Simple Bone Cyst

  • Unicameral Bone Cyst
    • misleading term because some of these lesions may consist of several multilocular cavities

Definition

  • typically a unilocular cystic lesion filled with serous fluid found in a major long bone in skeletally immature patients

History

  • First recognized by Virchow

Epidemiology

  • Male>female 2:1
  • 80% of cases between 3 & 14, & uncommon after 20

Aetiology

  • Theories
    • Virchow felt that SBC were formed by central cystic softening of an enchondroma.
      • describes these cysts as developmental anomalies of the physis where there is a transient failure of ossification of physeal cartilage & cyst formation
    • Localized bleed
      • results in an intramedullary haematoma & localized venous stasis with development of a cyst

Localization

  • Proximal humerus 60-70%
  • Femur 15%
  • Pelvic cysts are seen in older adult patients.
  • Calcaneal cysts are also seen in adults rather than adolescents

Clinical

  • Pain
  • Pathological fracture
  • Swelling or deformity on occasion
  • Most are asymptomatic & go unrecognized

Investigations

Xray

  • Central lucency within the medullary cavity of the shaft of major long bone
  • Narrow zone of transition with well defined sclerotic margins
  • Cortex is not disrupted unless there is a pathological fracture & the lesion doesn’t extend into the soft tissues.
  • In a pathological fracture a segment of cortex may break off & drop into the distal part of the lesion, constituting the fallen fragment sign
  • Extension into the epiphysis can occur in skeletally mature patients
  • After resolution of a cyst there may be a residual disorganized pattern to the trabeculae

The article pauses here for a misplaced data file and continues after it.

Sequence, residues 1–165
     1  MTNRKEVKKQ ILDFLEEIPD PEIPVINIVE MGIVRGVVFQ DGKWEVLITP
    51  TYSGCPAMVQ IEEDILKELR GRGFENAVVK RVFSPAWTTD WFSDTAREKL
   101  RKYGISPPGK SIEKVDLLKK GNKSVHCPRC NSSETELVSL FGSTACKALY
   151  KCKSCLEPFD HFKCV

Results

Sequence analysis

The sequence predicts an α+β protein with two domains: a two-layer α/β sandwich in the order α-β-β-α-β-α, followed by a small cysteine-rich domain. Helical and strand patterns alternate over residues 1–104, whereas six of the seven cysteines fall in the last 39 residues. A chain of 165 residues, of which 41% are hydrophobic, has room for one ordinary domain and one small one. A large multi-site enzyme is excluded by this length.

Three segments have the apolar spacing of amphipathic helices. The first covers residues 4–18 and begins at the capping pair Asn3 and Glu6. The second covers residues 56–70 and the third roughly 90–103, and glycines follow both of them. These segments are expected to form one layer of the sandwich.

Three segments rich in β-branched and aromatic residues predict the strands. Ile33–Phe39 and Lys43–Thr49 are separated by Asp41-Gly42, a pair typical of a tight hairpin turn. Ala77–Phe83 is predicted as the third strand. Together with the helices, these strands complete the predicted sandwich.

CT & MRI

  • will confirm the extent of the lesion & its cystic nature, with a very bright signal on T2 weighted images & low intensity on T1 weighted images

Pathology

Gross pathology

  • fluid is yellowish/serous, similar to serous effusions in other cavities
  • Usually consists of a single cyst but may be multilocular
  • Wall consists of paper thin, browny yellow fibrous tissue
  • pressure within the cyst is high

Microscopy

  • walls consist of fibrous tissue without a lining
  • fibrous tissue may contain giant cells, dilated vessels & scattered inflammatory cells

Classification

Neer's Classification of Simple Bone Cysts
Type Description
A: Active
  • usually juxta-epiphyseal
B: Inactive
  • cyst lies nearer the diaphysis (is more than 2cm removed from the physis)
  • Inactive cysts are less aggressive & more amenable to treatment

Treatment

  • Pathological fractures
    • should be allowed to heal prior to any regime of injections
    • Options
      • Closed
      • Flexible intramedullary nails
        • which may allow earlier movement & make casting unnecessary
  • Injections
    • Injection of methylprednisolone
      • successful in 90% of cases & can be repeated if required
      • described by Campanacci & Scaglietti
      • Typically 2 to 6 injections are required
    • Injection of iliac crest bone marrow
      • reported by Lokiec & Wientraub
      • 84% rate of healing with repeated punctures & iliac crest bone marrow
    • Injection of steroid & bone marrow injections
      • showed no benefit of bone marrow injections over steroid injections
    • Injection with demineralized bone matrix & bone marrow
  • Cannulated screw
    • allows continuous drainage of the cyst by leaving a cannulated screw protruding from the lesion
  • Bone Graft
    • Expanding lesions in weight bearing bones can be curetted & packed with bone graft
    • recurrence rate of 18-36%

Prognosis

  • Spontaneous healing may occur after pathological fracture, but is often incomplete & is also often complicated by repeated fracture
  • Growth arrest & coxa vara may result from the cyst or after curettage & grafting
  • Very rare malignant change noted, including to a chondrosarcoma
  • Simple cysts tend to spontaneously resolve in the late teens & rarely persist into adulthood
Return to top